DBCC SHOW_STATISTICS(“Sales.CreditCard”,encryptedcreditcardno)

In addition to encrypted columns and statistics, if there are other encrypted objects like stored procedure, function etc in the source database, it will be copied in the database clone but the execution of the stored procedure will fail since encrypted objects is not supported in database clones.

Always Encrypted Columns

DBCC CLONEDATABASE currently doesn’t support Always encrypted objects. Thus, if the columns in the source database is encrypted using Always Encrypted encryption, DBCC CLONEDATABASE will exclude those objects present in the source database.

Note: There is a known issue where if the source database contains always encrypted objects, running DBCC CLONEDATABASE against the database results into a AV causing the client session to terminate. We will be fixing the issue in upcoming CUs for SQL Server 2016. The fix for the issue will avoid AV while creating database clone. by excluding the metadata and data for always encrypted objects.

Transparent Data Encryption (TDE)

If you use TDE to encrypt data at rest on the source database, DBCC CLONEDATABASE supports cloning of the source database but the cloned database is not encrypted by TDE. Thus, the backup of the cloned database will be unencrypted. If it is desired to encrypt and protect cloned database backup, you can enable TDE on cloned database before it is backed up as shown below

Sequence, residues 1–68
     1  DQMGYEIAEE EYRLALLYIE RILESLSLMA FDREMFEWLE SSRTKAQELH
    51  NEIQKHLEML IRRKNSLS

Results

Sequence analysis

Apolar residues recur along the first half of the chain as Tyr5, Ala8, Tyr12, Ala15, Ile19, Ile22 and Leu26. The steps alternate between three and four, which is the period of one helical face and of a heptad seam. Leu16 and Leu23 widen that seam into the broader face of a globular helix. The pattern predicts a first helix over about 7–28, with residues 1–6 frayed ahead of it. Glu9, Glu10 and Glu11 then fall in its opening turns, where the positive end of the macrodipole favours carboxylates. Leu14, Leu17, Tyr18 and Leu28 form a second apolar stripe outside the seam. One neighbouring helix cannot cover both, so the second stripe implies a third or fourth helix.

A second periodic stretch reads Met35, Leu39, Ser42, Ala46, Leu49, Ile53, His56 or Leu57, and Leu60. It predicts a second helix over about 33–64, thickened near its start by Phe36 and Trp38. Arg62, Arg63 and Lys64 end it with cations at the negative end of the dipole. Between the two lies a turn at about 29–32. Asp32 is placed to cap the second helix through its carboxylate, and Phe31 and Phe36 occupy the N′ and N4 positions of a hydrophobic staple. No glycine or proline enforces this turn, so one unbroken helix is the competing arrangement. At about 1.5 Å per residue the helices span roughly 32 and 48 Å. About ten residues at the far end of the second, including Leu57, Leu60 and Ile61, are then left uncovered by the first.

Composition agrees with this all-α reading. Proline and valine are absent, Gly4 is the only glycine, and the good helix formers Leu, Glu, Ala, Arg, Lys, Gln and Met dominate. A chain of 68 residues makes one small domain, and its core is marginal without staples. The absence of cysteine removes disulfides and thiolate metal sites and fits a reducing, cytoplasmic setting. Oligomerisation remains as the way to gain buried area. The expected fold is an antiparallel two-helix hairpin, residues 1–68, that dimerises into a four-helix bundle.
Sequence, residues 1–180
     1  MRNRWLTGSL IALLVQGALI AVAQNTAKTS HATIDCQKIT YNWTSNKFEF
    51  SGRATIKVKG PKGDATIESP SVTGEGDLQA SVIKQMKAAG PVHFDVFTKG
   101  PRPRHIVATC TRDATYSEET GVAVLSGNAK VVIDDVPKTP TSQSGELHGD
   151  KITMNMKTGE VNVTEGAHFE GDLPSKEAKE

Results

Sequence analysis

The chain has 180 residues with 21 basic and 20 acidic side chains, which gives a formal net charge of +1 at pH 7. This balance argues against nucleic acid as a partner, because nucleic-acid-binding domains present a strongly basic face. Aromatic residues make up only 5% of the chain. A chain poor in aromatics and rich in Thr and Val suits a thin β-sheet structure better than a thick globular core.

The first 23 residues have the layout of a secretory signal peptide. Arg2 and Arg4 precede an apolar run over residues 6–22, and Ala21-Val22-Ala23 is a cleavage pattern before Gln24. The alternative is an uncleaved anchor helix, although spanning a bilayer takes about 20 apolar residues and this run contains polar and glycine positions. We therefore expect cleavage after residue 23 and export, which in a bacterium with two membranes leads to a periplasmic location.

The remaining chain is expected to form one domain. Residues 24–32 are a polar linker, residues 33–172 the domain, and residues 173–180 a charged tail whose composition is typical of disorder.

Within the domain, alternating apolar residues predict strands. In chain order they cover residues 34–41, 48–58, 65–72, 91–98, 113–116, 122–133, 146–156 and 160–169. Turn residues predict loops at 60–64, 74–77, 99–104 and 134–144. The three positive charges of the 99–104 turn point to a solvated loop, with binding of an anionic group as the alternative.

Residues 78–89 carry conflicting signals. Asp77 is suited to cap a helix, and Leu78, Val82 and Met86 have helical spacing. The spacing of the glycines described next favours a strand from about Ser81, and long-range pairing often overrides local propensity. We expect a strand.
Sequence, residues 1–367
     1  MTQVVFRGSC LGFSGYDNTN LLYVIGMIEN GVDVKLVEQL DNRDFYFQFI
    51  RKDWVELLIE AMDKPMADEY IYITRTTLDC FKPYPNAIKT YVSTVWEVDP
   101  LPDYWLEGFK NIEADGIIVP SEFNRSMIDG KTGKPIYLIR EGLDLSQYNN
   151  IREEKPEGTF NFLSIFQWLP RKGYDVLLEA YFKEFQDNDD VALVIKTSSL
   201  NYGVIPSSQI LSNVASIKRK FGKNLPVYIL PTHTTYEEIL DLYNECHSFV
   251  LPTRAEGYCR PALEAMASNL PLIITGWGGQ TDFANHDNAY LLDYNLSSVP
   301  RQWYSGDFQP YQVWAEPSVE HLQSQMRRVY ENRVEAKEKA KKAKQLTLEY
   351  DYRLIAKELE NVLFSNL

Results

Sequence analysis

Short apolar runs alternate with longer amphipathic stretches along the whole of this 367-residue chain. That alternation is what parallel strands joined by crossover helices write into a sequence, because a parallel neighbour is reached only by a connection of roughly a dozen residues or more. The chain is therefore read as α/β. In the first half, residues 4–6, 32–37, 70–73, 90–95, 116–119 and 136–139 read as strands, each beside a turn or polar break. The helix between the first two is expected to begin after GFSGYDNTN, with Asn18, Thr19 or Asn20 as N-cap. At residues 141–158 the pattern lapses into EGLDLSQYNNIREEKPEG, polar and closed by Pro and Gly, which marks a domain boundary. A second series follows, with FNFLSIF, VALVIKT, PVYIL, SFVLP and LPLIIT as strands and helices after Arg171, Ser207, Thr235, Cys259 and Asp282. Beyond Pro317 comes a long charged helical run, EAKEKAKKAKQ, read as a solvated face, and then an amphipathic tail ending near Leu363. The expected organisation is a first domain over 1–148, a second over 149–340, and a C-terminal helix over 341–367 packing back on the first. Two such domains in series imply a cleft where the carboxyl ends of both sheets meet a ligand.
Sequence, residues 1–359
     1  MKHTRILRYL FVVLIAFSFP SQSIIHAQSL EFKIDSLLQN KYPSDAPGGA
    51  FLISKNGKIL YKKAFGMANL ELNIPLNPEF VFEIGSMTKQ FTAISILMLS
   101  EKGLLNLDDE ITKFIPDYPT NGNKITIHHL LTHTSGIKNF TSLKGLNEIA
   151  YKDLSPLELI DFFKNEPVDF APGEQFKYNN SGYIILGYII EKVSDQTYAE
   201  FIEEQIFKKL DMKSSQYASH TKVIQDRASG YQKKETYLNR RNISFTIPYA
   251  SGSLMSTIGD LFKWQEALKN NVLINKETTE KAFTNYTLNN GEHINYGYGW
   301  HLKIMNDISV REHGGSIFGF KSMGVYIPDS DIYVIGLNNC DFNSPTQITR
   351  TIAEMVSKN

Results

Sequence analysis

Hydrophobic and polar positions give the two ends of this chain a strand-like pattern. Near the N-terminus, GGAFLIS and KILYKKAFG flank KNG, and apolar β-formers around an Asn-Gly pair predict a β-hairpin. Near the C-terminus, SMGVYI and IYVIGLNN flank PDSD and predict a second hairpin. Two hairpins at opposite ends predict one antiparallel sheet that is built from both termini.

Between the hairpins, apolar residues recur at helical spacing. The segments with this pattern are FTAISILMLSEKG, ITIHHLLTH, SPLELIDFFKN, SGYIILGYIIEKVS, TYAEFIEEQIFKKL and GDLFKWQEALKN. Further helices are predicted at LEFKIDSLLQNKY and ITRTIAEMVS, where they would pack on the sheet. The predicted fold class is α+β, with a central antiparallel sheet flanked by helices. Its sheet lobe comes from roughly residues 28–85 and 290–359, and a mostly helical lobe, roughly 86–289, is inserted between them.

USE master;
GO

CREATE MASTER KEY ENCRYPTION BY PASSWORD = ‘<UseStrongPasswordHere>’;
go

CREATE CERTIFICATE MyServerCert WITH SUBJECT = ‘My DEK Certificate’;
go

BACKUP CERTIFICATE MyServerCert TO FILE = ‘MyServerCert’
WITH PRIVATE KEY
(
FILE = ‘SQLPrivateKeyFile’,
ENCRYPTION BY PASSWORD = ‘*rt@40(FL&dasl1’
);
GO

— Create a database clone with no query store

DBCC CLONEDATABASE(‘AdventureWorks2014’,‘AdventureWorks2014_Clone’) WITH NO_QUERYSTORE

— set the cloned database in read write mode
ALTER DATABASE AdventureWorks2014_Clone SET READ_WRITE

USE AdventureWorks2014_Clone;
GO

CREATE DATABASE ENCRYPTION KEY
WITH ALGORITHM = AES_128 ENCRYPTION BY SERVER CERTIFICATE MyServerCert;
GO

ALTER DATABASE AdventureWorks2014_Clone SET ENCRYPTION ON;
GO

BACKUP DATABASE AdventureWorks2014_Clone TO DISK = ‘c:\backup\clonedb.bak’ WITH STATS=5
GO

— DROP DATABASE CLONE 
DROP DATABASE DATABASE AdventureWorks2014_Clone

Hope the above article helps you understand data security and provide guidance on protecting user data with databases cloned with DBCC CLONEDATABASE.

 

Parikshit Savjani
Senior PM, SQL Server Tiger Team
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Follow us on Twitter: @mssqltiger | Team Blog: Aka.ms/sqlserverteam


Comments (2)

  1. tobi says:

    Wouldn’t the secret data still be present physically on some pages even after the deletion script ran? That’s a logical deletion.

    The transactions log certainly contains sensitive data.

    1. Tobi, Yes if you are looking to protect data at rest and prevent unauthorized data access in cloned databases after dropping the statistics, you will need to turn ON TDE on the clone.